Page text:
The principle of least privilege states that only the minimum access necessary to perform an operation should be granted, and that access should be granted only for the minimum amount of time necessary. (This principle was introduced by Saltzer and Schroeder.
Saltzer, Jerome H. & Schroeder, Michael D. "The Protection of Information in Computer Systems." Proceedings of the IEEE 63, 9 (September 1975): 1278-1308.)
When you give out access to parts of a system, there is always some risk that the privileges associated with that access will be abused.
This problem is starting to become common in security policies that ship with products intended to run in a restricted environment. Some vendors offer applications that work as Java applets. Applets usually constitute mobile code, which a web browser treats with suspicion by default. Such code is run in a sandbox, where the behavior of the applet is restricted based on a security policy that a user sets. Vendors rarely practice the principle of least privilege when they suggest a policy to use with their code, because doing so would take a lot of effort on their part. It's far easier to just ship a policy that says, "let my code do anything at all." People will generally install vendor-supplied security policies, maybe because they trust the vendor, or maybe because it's too much hassle to figure out what security policy does the best job of minimizing the privileges that must be granted to the vendor's application.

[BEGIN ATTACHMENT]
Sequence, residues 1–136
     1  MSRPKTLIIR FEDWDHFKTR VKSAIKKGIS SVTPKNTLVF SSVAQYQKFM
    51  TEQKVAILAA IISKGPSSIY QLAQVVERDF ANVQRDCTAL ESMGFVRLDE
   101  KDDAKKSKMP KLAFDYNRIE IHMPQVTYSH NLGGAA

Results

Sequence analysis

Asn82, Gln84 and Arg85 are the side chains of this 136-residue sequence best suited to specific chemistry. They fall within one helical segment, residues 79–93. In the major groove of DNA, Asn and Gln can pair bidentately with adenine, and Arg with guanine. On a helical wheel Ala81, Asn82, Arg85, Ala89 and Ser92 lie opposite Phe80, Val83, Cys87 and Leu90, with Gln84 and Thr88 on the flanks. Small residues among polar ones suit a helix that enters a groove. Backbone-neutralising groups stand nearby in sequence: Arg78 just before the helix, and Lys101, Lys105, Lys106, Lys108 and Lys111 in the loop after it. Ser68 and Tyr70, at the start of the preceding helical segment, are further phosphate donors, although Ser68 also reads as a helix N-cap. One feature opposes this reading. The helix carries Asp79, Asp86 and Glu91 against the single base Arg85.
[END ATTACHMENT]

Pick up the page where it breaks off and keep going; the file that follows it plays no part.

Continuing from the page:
Laziness often works against the principle of least privilege. Don't let that happen in your code.
For example, let's say you were to go on vacation, and give a friend the key to your home, just to feed pets, collect mail, etc. While you may trust a friend, there is always the possibility that there will be a party in your house without your consent, or that something else will happen that you don't like. Whether or not you trust your friend, there's really no need to put yourself at risk by giving more access than necessary. For example, if you don't have pets, but only needed a friend to occasionally pick up our mail, you should relinquish only the mailbox key. While your friend might find a good way to abuse that privilege, at least you don't have to worry about the possibility of additional abuse. If you give out the house key unnecessarily, all that changes.
Similarly, if you do get a house sitter while you're on vacation, you aren't likely to let that person keep your keys when you're not on vacation. If you do, you're setting yourself up for additional risk. Whenever a key to your house is out of your control, there's a risk of that key getting duplicated. If there's a key outside your control, and you're not home, then there's the risk that the key is being used to enter your house. Any length of time when someone has your key and is not being supervised by you constitutes a window of time in which you are vulnerable to an attack. You want to keep such windows of vulnerability as short as possible, in order to minimize your risks.
Another good real-world example appears in the security clearance system of the U.S. government; in particular with the notion of "need to know". If you have clearance to see any secret document whatsoever, you still can't demand to see any secret document that you know exists. If you could, it would be very easy to abuse the security clearance level. Instead, people are only allowed to access documents that are relevant to whatever task they are supposed to perform.